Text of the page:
if you do need to rip stitches... take them out all the way back to the beginning of where your stitching line began, or design motif started over.  it's really noticeable that you have started mid-way, kind of a 'broken' line look, by the time you add securing stitches, in the middle of a curve.
tip #6:  in order to keep your spine lines smooth, be sure to backtrack---extending that quilting line back to the previous feather... almost before the the feather motif began; {i need to do this even better} ... even beyond what you think you need to. doing this will ensure your stitching and spine line will be smooth, graceful, and one continuous line.  it's amazing how much this one little thing can affect the overall look of your spine and feathers. you may not notice it until you see the 'whole' of all of your quilting together {once you're completely done and it's too late} so be sure to "go all the way back" when you are adding 'hyper-quilting' and a different thread color as you do.  if you'd like more in-depth, and WONDERFUL advice on making feathers... buy patsy thompson's books and DVD's on feathers.  i promise, you won't be sorry!  that is how i learned the best!
below: {just another example of crowding the space with too much stitching!}
tip #7: always  s t o p  stitching before your big girl dog {our wild border collie girl georgia!} comes to visit!  she jumps to put her paws on my lap, say hi, and then guess what happens to my stitching?  'bump' goes the stitching line!!  and always... stop and pet them {cuz they love you!}  so take a break!  xoxo  {the same goes for when you feel a sneeze coming on!!} lol!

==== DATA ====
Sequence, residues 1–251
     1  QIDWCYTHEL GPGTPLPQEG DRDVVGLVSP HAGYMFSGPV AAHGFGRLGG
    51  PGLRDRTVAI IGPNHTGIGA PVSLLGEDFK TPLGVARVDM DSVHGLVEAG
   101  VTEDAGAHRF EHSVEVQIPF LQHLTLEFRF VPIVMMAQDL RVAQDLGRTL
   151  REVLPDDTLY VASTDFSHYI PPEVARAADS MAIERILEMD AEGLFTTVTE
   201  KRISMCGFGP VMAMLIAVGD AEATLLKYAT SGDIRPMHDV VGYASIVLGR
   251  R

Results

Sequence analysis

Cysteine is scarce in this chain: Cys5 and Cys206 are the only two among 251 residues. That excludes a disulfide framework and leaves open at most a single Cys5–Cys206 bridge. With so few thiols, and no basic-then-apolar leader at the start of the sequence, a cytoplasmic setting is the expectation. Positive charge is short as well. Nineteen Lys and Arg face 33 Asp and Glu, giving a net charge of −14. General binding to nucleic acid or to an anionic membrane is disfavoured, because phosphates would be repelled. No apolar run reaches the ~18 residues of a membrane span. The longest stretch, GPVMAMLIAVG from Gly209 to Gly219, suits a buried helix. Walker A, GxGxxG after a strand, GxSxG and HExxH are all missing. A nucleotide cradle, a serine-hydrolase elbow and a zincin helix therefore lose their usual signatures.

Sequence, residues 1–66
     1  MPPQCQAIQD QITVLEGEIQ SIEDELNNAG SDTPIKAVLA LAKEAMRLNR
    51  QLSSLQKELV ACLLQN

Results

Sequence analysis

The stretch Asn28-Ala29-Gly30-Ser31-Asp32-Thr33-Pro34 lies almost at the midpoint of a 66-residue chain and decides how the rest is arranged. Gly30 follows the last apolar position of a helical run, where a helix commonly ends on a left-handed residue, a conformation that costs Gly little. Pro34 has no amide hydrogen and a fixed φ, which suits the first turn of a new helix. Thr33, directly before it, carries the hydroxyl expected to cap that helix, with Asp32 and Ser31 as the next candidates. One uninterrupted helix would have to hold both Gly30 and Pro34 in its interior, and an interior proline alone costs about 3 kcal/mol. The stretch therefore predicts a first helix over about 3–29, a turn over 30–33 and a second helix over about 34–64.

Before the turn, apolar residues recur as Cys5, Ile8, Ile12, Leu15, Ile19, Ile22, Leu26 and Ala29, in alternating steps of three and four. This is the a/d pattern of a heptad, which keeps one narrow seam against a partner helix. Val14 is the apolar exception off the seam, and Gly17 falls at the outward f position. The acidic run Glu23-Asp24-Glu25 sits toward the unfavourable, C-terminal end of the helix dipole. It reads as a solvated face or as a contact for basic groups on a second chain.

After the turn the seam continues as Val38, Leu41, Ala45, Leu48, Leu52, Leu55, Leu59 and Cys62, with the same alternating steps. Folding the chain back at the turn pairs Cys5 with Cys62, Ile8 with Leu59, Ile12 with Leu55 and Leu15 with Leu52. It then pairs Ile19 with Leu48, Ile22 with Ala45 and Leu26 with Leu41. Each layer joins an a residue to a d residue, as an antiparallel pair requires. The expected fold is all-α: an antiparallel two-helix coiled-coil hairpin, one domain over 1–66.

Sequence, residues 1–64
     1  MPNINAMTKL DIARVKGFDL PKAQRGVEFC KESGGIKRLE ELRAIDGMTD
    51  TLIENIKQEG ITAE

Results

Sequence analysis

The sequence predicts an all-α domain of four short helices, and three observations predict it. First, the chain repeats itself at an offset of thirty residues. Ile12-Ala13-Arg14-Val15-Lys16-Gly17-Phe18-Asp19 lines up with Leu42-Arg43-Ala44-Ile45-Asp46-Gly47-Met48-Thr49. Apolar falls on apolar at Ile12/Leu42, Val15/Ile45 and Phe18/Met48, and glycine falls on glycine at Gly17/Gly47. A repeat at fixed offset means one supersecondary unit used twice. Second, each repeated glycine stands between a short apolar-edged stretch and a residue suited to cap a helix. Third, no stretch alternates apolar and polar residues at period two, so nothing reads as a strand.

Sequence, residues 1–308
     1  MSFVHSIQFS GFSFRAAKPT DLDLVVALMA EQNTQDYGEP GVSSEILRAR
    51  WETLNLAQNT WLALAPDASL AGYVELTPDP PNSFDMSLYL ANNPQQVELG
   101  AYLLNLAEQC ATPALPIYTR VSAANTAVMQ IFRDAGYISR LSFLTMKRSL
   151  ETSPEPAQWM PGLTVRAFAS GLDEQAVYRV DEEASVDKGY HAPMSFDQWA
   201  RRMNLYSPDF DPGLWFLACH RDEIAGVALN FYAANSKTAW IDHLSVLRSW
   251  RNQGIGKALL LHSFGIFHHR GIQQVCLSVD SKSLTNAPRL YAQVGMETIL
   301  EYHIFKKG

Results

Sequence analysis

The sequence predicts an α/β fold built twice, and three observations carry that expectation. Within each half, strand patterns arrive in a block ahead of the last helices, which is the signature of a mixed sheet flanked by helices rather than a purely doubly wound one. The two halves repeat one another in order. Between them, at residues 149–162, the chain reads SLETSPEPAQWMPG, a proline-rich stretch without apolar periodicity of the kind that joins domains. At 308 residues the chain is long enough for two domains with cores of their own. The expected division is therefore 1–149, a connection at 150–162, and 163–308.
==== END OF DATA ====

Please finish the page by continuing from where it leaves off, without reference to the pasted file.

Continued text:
tip #8:  {a bit of  a repeat of above #2}... but when beginning... be sure to start at least one inch into the body of the quilt... again, so your feather/stitching won't get cut off by the binding, etc.
tip #9:  when echo-quilting the outside of the feathers... stop and  p a u s e  at the end of each curve... again, stop, breathe!  move the quilt top, unrolling fabric as you need to, or re-rolling.  be sure to turn the quilt so you can see the overall curve, and when you do, you will help yourself achieve a smooth outline in the echo quilting.
tip #9:  don't feel you have to go down into every nick and cranny when outlining.  don't be tempted!  leave that open space alone!!  {lol}
tip #10:  my favorite, "must-have" tool?  These "sewline" chalk pencils... with erasers! i L O V E them!  i have them in three colors; white, yellow and green.  i use them tod raw my initial spine lines of my feathers before i begin.  they easily rub off, too... and the eraser really does work.
not so much a tip, but just know... echo quilting takes lots of practice!!  mine are not always perfectly spaced... but that's okay.  perfection is NOT the goal.  excellence {and fun} IS!